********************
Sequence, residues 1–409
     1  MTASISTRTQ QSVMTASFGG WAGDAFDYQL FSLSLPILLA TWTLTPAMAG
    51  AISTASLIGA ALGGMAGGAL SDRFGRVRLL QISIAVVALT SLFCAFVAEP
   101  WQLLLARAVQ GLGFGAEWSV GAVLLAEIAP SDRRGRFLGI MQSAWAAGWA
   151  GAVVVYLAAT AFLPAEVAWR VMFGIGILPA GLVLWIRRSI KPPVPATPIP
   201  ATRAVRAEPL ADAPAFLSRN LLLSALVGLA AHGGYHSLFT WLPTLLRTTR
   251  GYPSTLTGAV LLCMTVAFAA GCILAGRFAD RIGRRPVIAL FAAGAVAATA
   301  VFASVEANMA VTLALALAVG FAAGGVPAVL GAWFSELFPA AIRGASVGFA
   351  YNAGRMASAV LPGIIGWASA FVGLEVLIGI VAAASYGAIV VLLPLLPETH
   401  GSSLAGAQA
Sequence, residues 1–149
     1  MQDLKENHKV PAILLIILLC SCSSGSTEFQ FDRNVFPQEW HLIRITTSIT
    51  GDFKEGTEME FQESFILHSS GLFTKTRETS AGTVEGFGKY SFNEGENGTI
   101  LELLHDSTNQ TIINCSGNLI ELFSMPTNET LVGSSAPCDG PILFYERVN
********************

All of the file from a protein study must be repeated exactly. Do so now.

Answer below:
Sequence, residues 1–409
     1  MTASISTRTQ QSVMTASFGG WAGDAFDYQL FSLSLPILLA TWTLTPAMAG
    51  AISTASLIGA ALGGMAGGAL SDRFGRVRLL QISIAVVALT SLFCAFVAEP
   101  WQLLLARAVQ GLGFGAEWSV GAVLLAEIAP SDRRGRFLGI MQSAWAAGWA
   151  GAVVVYLAAT AFLPAEVAWR VMFGIGILPA GLVLWIRRSI KPPVPATPIP
   201  ATRAVRAEPL ADAPAFLSRN LLLSALVGLA AHGGYHSLFT WLPTLLRTTR
   251  GYPSTLTGAV LLCMTVAFAA GCILAGRFAD RIGRRPVIAL FAAGAVAATA
   301  VFASVEANMA VTLALALAVG FAAGGVPAVL GAWFSELFPA AIRGASVGFA
   351  YNAGRMASAV LPGIIGWASA FVGLEVLIGI VAAASYGAIV VLLPLLPETH
   401  GSSLAGAQA
Sequence, residues 1–149
     1  MQDLKENHKV PAILLIILLC SCSSGSTEFQ FDRNVFPQEW HLIRITTSIT
    51  GDFKEGTEME FQESFILHSS GLFTKTRETS AGTVEGFGKY SFNEGENGTI
   101  LELLHDSTNQ TIINCSGNLI ELFSMPTNET LVGSSAPCDG PILFYERVN